- Excessive Cost. USPSTF did not consider cost but if they did that then it is estimated that it would cost $5 million per life saved and that amount of money could save more than a single life if redirected in other ways. Allan S. Brett and Richard J. Ablin (the developer of the PSA test) [PMID: 22029759] [Full Text]
- Other government and professional organizations. Other government and professional organizations have also concluded that the value of PSA screening is inconclusive such as in the [UK] or outright recommended against it such as the RACGP position in Australia (link no longer works but see 1st column of page 599 also on the RACGP site) and [Ontario, Canada] where PSA screening is not reimbursed.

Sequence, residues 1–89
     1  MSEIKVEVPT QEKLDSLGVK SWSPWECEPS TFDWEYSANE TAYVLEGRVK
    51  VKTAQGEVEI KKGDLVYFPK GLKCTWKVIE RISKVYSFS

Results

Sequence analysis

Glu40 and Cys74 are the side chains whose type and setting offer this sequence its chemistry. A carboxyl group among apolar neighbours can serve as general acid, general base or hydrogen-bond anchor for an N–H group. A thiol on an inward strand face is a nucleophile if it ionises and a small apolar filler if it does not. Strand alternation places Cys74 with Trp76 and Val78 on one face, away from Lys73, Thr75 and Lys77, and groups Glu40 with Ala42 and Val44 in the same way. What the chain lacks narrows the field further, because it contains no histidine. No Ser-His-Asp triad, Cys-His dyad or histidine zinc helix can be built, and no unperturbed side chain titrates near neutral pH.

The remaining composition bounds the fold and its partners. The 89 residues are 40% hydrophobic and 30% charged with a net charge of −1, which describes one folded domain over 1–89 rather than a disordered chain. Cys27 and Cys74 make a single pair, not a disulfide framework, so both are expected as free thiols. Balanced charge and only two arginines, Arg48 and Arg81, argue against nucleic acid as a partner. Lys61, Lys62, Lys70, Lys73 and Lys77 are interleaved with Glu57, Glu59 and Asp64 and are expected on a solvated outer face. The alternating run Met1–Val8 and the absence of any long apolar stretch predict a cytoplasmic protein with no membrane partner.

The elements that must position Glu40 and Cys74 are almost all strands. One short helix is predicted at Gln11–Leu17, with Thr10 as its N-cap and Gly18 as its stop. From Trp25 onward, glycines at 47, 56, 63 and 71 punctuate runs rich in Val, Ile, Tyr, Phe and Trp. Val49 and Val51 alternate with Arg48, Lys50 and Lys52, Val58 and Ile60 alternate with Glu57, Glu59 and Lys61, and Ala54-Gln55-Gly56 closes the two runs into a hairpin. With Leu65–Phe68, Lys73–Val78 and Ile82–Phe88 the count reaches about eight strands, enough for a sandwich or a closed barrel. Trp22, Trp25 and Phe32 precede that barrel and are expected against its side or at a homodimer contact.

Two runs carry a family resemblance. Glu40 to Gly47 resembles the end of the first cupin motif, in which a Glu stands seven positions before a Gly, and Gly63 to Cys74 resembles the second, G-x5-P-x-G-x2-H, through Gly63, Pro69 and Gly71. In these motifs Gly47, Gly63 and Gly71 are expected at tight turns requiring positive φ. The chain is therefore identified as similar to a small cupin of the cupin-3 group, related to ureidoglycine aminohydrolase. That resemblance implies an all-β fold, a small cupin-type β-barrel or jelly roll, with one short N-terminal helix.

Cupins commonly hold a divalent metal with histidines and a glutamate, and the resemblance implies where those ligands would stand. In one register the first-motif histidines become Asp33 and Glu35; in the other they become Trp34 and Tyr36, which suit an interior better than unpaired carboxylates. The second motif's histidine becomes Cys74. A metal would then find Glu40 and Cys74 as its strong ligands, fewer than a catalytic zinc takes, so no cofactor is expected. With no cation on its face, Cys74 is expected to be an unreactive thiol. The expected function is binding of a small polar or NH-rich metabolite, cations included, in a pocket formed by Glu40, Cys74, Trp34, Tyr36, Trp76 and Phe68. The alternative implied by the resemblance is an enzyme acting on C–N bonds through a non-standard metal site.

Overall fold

- Inflammatory Language. It has been argued that the screening debate is unreasonably emotionally charged due to the labeling of both lethal and non-lethal forms of prostate cancer with the word "cancer" and that it would be better to have language which clearly distinguishes the two. See [NY Times].
- Broader Trend. It is believed that the USPSTF decision is part of a broader trend toward fewer screenings for any disease in healthy people. See [USA Today] .